Monday, July 22, 2013

Why scare off immigrants when Finland needs immigrants' labor input?

Immigrants are disrespected, abused and labelled as "welfare leaches" and rapists by anti-immigration proponents and far-right xenophobes, many of whom seem to be unaware of the fact that Finland is in need of immigrants to help sustain its social and health sector.

Speaking on 15 July 2013 in Seinäjoki, Minister of Social Affairs and Health, Paul Risikko, said Finland's social and health sector needs immigrants' labor input. Almost 17 000 workers in the sector will retire yearly by 2020 and it is estimated that there will be 225 000 job openings in the sector by 2025. According to the Minister, Finland's young age group is not enough to fill the labor shortages and the country needs skilled labor from abroad.

Besides the fact that many immigrants are in Finland for the long haul, if not permanently, it's high time anti-immigration activists in the country, including convicted MPs like James Hirvisaari and Jussi Halla-ajo come to terms with the fact that Finland needs immigrants, especially in its social and health sector.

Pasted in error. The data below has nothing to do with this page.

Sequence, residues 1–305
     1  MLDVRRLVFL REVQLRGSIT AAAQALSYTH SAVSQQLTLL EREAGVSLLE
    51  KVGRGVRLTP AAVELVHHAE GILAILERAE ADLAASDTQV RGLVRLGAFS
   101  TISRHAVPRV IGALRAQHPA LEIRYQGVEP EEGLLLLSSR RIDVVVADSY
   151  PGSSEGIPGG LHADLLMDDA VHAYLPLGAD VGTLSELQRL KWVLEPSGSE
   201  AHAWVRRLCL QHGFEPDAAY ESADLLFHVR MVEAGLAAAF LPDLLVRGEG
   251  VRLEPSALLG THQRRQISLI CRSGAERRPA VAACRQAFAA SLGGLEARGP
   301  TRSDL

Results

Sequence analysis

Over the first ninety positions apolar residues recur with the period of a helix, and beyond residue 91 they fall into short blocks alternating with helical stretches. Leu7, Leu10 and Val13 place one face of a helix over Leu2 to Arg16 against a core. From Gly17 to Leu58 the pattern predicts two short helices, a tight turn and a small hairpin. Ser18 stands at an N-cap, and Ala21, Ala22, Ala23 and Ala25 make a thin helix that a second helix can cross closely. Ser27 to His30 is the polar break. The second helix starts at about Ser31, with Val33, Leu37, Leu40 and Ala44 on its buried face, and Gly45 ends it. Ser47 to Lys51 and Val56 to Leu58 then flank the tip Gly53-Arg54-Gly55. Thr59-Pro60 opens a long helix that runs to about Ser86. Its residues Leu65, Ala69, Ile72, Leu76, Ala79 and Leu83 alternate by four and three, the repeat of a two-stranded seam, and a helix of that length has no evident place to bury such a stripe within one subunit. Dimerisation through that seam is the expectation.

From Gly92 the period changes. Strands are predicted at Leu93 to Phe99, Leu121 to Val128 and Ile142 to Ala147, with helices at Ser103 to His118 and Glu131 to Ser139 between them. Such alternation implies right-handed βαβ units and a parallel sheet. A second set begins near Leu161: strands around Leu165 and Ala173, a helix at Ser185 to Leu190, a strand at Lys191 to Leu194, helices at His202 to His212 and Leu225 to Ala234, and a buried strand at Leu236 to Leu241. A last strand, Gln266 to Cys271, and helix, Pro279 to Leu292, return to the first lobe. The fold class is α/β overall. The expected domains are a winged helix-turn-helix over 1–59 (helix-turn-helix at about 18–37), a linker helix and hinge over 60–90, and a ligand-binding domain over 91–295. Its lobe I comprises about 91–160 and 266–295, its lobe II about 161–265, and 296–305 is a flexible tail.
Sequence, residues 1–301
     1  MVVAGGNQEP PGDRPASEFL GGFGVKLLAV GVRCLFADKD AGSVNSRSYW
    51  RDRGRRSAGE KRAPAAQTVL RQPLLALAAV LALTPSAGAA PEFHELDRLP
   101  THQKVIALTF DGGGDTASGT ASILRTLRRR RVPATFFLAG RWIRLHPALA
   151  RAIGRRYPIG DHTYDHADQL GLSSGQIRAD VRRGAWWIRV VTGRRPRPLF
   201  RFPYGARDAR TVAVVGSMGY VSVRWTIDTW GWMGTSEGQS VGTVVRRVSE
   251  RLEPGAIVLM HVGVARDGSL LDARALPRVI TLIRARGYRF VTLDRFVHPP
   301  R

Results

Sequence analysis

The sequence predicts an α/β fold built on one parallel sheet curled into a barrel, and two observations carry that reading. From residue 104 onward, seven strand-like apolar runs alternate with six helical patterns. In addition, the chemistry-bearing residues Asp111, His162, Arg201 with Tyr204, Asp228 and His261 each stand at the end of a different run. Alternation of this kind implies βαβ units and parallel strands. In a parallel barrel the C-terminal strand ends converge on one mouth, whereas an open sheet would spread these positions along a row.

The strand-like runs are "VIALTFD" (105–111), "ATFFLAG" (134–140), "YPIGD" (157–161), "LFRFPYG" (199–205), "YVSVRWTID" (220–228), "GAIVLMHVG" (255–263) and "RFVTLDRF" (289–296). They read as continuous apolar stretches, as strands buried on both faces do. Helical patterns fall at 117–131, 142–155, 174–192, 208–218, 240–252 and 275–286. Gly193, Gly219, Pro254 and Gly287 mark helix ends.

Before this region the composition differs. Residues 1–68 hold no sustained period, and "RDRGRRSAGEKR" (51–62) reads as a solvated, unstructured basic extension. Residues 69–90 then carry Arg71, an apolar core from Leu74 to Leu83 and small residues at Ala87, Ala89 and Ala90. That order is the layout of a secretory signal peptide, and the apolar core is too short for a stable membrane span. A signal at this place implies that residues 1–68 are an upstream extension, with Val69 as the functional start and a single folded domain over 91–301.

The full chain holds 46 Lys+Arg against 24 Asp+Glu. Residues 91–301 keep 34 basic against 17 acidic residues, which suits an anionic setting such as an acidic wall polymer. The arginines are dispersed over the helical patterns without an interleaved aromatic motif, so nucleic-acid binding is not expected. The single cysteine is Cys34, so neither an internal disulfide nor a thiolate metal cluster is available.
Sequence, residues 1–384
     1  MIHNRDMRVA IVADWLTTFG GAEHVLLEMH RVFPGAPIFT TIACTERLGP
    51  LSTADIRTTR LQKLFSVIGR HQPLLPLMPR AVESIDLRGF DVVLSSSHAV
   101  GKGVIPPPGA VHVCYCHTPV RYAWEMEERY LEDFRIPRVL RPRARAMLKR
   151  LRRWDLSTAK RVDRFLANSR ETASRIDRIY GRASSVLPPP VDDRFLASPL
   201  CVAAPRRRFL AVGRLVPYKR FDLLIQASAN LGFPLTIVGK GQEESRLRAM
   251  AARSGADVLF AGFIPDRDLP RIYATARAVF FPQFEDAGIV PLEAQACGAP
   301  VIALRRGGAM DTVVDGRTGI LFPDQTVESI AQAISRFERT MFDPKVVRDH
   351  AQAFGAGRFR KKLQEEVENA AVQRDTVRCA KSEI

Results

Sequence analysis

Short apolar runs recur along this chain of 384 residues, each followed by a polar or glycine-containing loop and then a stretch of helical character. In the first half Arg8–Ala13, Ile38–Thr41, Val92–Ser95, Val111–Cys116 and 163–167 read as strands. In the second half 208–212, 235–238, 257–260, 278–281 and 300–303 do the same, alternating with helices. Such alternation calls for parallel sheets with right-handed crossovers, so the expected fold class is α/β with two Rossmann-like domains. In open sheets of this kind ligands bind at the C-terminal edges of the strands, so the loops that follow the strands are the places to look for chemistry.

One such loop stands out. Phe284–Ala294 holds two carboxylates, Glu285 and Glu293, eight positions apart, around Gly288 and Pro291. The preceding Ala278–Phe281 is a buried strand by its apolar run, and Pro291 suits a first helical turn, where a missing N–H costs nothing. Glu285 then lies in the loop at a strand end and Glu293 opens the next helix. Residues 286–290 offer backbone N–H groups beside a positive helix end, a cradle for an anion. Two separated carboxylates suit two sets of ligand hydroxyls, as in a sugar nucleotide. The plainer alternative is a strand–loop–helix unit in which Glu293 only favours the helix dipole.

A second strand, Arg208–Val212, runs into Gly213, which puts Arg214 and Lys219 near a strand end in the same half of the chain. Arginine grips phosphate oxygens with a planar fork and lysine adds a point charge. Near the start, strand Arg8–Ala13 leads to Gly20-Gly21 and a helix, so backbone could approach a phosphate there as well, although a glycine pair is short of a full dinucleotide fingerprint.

In my view, expressions of anti-immigration sentiments scare off some immigrants, including graduates in the field of nursing and other social services, and go a long way to hurt Finland's social and health sector which according to Minister Risikko is in need of immigrants' input.

As of the time of this writing, foreign students in the field of nursing and other social services study in Finland's top universities free of charge. Common sense suggests that the country should harness the skill it imparts students in a bid to arrest looming labor shortages in the social and health sector. This can be done by promoting equal opportunities and employing graduates without discrimination of any kind.

I'm aware of the fact that many skilled foreign nationals, including nursing graduates of African origin for example don't feel welcomed in Finland. Some feel discriminated in and out of work and Finnish language barrier is a major career road block to others. Anti-immigration elements might be glad to learn that many would like to leave the country and pursue a career elsewhere while labor shortage looms in Finland.

It doesn't make sense, in my opinion, to train foreign students as nurses and social workers - free of charge - and then scare them off in the face of an aging population and impending labor shortages.

Finland's anti-immigration proponents, many of whom are bolder and more vocal with the advent of the internet, social media and anti-immigrant chat rooms, are hurting the country - especially its social and health sector - by bashing and scaring off people whose input is needed to sustain much-needed health and social services.

*Image: Yle

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